The Day of the Dead, or Día de Muertos, is a seriously fun holiday in Puerto Vallarta and throughout Mexico where the dearly departed are celebrated with hopes that the celebration will help them on their journey. People dress up in dead-people skeleton costumes, altars are established, and special foods are prepared. Gaily decorated skulls and skeletons are everywhere. Peggy and I have yet to be in Mexico when the event takes place (which is at the end of October/beginning of November), but the skulls and skeletons are still around, lots of them.

The skulls seem to represent both sexes equally, although this one seems to have a feminine cast to it. The gold teeth made me think of the dentist’s chair, a place I am all too familiar with. Ouch!

Of the life-size sculptures, I photographed, I could only find one man. This led me to speculate, naturally, as to why. I don’t think there is a reason particular to the holiday. About an equal number of men and women die, right. So is it that the girls dress up prettier, or that their eyes are more beautiful, or is it some other attribute, like the colorful bosom of the top photo.

Obviously, clothing is important, and you can do so much more with hats!
And certainly this woman with her red flowers and curls is well-dressed.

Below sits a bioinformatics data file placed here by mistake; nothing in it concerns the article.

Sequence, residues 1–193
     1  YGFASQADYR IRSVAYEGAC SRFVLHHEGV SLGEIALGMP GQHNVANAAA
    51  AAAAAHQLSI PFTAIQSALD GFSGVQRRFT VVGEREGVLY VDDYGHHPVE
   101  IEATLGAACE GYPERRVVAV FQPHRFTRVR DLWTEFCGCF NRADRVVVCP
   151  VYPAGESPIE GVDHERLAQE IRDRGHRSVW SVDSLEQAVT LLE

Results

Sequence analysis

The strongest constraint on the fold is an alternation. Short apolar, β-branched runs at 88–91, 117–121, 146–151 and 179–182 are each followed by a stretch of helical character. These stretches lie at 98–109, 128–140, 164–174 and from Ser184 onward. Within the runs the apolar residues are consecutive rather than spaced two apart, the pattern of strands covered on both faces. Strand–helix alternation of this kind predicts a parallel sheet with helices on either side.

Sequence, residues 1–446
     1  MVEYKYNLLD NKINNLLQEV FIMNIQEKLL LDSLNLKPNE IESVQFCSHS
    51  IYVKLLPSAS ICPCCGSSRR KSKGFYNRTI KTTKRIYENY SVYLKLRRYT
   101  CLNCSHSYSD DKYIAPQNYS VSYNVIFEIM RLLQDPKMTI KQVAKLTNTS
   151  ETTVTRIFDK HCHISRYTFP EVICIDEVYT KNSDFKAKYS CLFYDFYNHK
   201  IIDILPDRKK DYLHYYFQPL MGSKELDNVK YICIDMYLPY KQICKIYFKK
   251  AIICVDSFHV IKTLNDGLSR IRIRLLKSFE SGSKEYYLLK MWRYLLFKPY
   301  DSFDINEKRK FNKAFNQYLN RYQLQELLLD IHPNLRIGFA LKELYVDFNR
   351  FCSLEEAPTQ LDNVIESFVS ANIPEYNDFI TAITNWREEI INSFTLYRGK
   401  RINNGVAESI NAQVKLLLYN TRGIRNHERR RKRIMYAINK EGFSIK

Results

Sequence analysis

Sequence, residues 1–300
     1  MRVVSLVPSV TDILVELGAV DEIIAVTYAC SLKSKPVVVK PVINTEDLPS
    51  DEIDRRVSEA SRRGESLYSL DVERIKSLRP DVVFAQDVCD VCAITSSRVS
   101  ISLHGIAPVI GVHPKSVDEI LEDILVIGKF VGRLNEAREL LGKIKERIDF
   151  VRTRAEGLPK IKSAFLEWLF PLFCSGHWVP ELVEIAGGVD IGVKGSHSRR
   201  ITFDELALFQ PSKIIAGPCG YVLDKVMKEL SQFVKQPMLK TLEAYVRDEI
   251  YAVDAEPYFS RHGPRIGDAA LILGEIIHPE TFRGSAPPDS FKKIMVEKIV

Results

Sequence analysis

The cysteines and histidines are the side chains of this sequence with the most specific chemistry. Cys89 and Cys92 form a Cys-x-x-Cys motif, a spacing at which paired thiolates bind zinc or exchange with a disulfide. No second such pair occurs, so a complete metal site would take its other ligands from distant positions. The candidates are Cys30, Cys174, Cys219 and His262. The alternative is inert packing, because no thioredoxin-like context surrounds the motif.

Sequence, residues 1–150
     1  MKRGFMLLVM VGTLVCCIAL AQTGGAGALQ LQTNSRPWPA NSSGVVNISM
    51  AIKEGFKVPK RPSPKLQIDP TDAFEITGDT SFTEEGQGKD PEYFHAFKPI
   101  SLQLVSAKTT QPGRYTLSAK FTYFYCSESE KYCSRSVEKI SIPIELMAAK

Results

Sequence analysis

The hat and the boas lit up the lady from an earlier year. But what’s with the dead roses?
The eyes have it here…
And here. Same girl dressed up differently it would seem.
Remember the Red Hat Ladies. How about a long necked Red Hat Lady?
This gal had something to say. But I am not sure you would want to hear it.
Here was my only large guy sculpture. I had to go back in time to find it.
Smaller sculptures are found in the shops, often representing Huichol art.
Another example but probably not Huichol art since it is lacking in Huichol symbolism. (More on this in a later post.)
The red fingernails were a nice touch.
Peggy and I were walking down one of Puerto Vallarta’s road and came on this lady walking her dog.
And then there was this tile of a man out walking his dog— a dog that has a mission on its mind. Humor is an important part of the Day of the Dead.
Here’s a lady monkeying around.
A lady on a tile…
And a lady on a dish. Once again, the hat is an important item of clothing.
Skulls are found just about everywhere.
And are creatively decorated, with clouds, for example.
And with hearts.
You could have your kitchen decorated with Day of the Dead tiles. Maybe even peace symbols.
The Huichol have their own versions…
I conclude my Day of the Dead collection with this fellow. Just possibly, he had imbibed a little too much Huichol peyote!

NEXT POST: I am back on the PCT making my way between Carson Pass and Sonora Pass.

The Corsica Galeria de Art, the Galerie des Artistes, and the Cafe des Artistes… Puerto Vallarta

The Puerto Vallarta Art scene is extensive ranging from public art to private galleries and extensive crafts. I found this delightful sculpture at the Corsica Galeria de Art. This fellow looked like he was commenting on my failure to check on whether the Cafe des Artistes was open for lunch.